After a soft infield hit to the third base side by Hernández, and then a six-pitch walk to Devers, Cole’s night was done; manager Aaron Boone pulled the plug before the Yankees’ inconsistent offense, which managed just six runs during the team’s final three games of the regular season as it squandered home-field advantage for this game, had to dig out of a bigger hole. Clay Holmes extricated the Yankees from the jam with a strikeout of Bogaerts and a double play ball off the bat of Alex Verdugo. The Yankees made a game of it, trimming the lead to 3-1 in the sixth, but a bad send by third base coach Phil Nevin and a great throw by Bogaerts left Aaron Judge hung out to dry at home plate on the second of Giancarlo Stanton’s two long singles off the Green Monster. The Red Sox never let them get any closer.

It wasn’t that Cole lacked his typical velocity; his 97.8 mph average four-seamer was a whisker ahead of his season average. His 18% swinging strike rate and 34% CSW rate were both above his season averages as well. Yet his command was lacking; he threw far too many noncompetitive pitches, particularly fastballs:

Worse, when Cole got to two strikes, he couldn’t close the deal:

Ouch. Three of the four batted balls of 100 mph or higher that he allowed came with two strikes.

Afterwards, Cole refused to blame his hamstring or his bout of COVID-19 for his late-season woes, telling reporters, “At the end of the season, we are all going through and wearing whatever we’ve had to overcome to get to this point. You know, the other team is dealing with the same kind of situation.” He noted that it wasn’t so much that his fastball command was unreliable, as he generated three popups with it; that Schwarber had to expand his zone to reach the homer; and that his changeup got hit hard. “When it’s all said and done, there wasn’t one pitch that was good enough because we didn’t get the job done,” he said.

Asked whether he could put his finger on what happened over the last month, Cole didn’t offer a blanket explanation, saying “Evaluate each game individually… It just wasn’t the same answer every time.”

In terms of batters faced, Cole’s start was the sixth-shortest in Wild Card game history:

Shortest Wild Card Game Starts by Batters Faced
Pitcher Tm Opp Year IP H R BB SO HR BF
Liam Hendriks OAK NYY 2018 1.0 1 2 1 1 1 5
Luis Severino NYY MIN 2017 0.1 4 3 1 0 2 6
Sean Manaea OAK TBR 2019 2.0 4 4 0 5 3 10
Jon Gray COL ARI 2017 1.1 7 4 0 2 1 11
Ervin Santana MIN NYY 2017 2.0 3 4 2 0 2 11
Gerrit Cole NYY BOS 2021 2.0 4 3 2 3 2 12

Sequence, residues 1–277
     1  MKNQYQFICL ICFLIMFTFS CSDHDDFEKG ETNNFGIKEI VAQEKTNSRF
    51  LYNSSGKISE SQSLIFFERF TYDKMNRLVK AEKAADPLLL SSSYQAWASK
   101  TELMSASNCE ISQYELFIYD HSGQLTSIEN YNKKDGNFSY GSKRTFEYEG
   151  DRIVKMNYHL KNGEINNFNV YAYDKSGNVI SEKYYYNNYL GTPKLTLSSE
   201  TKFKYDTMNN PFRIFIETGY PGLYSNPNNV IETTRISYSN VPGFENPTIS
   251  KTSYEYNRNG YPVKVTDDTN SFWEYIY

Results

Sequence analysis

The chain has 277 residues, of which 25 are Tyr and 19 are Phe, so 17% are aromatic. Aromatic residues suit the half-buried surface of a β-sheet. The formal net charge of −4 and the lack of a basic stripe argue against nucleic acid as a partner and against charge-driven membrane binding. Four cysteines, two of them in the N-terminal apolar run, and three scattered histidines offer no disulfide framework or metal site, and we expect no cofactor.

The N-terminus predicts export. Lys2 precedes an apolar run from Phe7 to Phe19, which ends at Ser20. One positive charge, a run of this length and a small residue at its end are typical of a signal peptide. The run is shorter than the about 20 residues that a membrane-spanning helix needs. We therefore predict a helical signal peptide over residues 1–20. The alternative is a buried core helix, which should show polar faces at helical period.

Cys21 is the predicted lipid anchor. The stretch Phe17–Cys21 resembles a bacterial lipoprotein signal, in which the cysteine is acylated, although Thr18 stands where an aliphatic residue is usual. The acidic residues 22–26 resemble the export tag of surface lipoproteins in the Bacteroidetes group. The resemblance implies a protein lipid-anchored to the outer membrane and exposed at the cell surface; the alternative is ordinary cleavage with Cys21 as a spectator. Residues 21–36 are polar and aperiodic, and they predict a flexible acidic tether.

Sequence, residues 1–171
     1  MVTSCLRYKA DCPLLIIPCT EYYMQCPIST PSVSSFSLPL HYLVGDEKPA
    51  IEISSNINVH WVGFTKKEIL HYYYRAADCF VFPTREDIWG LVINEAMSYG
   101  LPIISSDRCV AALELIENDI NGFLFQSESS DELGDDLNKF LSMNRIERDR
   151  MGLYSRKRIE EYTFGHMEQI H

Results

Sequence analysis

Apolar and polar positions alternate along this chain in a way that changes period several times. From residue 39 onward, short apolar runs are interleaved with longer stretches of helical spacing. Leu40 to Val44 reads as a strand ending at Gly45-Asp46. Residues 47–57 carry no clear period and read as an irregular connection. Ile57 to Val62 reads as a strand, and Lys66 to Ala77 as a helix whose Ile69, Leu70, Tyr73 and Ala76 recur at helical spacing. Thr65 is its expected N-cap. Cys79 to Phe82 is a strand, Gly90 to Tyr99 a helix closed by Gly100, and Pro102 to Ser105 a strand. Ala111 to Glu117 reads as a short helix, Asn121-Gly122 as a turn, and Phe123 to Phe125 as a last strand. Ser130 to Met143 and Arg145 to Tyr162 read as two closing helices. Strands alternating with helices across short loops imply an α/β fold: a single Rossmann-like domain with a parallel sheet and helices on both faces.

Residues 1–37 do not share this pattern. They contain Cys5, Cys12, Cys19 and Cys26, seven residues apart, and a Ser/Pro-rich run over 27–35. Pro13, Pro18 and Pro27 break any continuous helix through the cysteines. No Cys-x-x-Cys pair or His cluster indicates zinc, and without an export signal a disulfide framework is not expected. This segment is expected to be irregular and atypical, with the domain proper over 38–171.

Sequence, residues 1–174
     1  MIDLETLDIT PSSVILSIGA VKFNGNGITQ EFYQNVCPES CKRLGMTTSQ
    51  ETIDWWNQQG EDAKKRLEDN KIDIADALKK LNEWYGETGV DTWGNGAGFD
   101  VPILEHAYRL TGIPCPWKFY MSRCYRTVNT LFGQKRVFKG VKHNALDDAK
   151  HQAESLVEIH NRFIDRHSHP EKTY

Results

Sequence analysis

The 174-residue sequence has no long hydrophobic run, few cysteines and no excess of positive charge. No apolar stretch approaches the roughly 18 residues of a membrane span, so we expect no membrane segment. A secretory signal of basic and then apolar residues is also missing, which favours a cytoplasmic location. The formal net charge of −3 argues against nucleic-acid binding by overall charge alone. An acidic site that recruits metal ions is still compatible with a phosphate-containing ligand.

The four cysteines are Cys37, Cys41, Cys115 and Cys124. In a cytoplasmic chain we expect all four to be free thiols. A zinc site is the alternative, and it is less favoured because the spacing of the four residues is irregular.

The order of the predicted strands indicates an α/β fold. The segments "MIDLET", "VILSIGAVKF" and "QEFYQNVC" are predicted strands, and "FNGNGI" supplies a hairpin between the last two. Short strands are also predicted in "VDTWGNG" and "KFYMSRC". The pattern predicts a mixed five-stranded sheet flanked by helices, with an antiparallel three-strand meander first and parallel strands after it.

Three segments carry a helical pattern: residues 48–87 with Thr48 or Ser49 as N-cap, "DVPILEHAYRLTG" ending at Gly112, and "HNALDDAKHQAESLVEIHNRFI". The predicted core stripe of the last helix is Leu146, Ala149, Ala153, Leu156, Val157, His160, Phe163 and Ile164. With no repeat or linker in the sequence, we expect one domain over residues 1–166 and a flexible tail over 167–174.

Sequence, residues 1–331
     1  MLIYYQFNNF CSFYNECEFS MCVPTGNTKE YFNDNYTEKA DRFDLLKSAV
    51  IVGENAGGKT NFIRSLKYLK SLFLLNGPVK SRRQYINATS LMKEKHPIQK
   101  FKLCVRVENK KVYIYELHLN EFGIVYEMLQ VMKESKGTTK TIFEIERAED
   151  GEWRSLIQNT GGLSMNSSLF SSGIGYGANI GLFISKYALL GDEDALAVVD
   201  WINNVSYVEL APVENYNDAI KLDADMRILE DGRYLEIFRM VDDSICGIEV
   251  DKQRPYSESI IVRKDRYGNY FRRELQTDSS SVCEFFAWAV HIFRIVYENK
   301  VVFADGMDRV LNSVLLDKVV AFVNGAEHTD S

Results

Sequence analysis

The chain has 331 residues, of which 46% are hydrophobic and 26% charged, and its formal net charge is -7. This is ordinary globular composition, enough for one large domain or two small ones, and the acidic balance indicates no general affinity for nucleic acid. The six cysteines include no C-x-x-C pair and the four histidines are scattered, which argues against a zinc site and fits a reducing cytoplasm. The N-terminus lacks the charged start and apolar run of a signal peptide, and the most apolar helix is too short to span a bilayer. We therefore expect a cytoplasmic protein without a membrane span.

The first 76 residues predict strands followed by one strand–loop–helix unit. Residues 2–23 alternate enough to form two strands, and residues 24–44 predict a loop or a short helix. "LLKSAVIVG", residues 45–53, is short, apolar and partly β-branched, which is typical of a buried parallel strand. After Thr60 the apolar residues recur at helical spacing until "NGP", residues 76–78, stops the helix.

SOURCE: Baseball-Reference

Four of those six starts involved the Yankees, who have made too much a habit of traveling this route into October by playing in four of the last six AL Wild Card games. Two of the above starts came in the same game in 2017; after the Twins chased Severino, the Yankees chased Santana and rallied to win while the bullpen held Minnesota to a single run over 8.2 innings.

That list is no place to be, and a start like Cole’s will be a tough one to live down given that it occurred within one of the game’s most heated rivalries, and against the backdrop of the Yankees’ relative lack of postseason success in recent years. They’ve exited before the ALCS in seven of the past nine seasons, and haven’t won the World Series since 2009, an eternity by the franchise’s standards.

Cole’s start will be cited as evidence of his fall from grace after a strong first two months to 2021, though the reality is a bit more complicated. Undoubtedly, his season was a clear step down from 2019, when he delivered a 2.50 ERA, 2.64 FIP, 39.9% strikeout rate, and 7.5 WAR for an Astros team that came within one win of a championship. But judged by everything except his 2.84 ERA, Cole’s 2021 season was a step up from last year’s shortened campaign; driven by a home run rate that ballooned to 1.73 per nine between seasons of 1.2 per nine on either side, his FIP rose to 3.89 in 2020 while his strikeout rate dipped to 32.6%, still good for third in the AL.

Cole’s 2021 season had two obvious points of inflection that conveniently segment his body of work into thirds, more or less: the crackdown on pitchers’ use of foreign substances, which was first reported on June 3, though enforcement didn’t begin until a few weeks later, and the pitcher’s positive test for COVID-19, a breakthrough infection that was reported on August 3 and that sidelined him for over two weeks.

Here’s how his season looks by the basics:

Gerrit Cole’s 2021 Season in Segments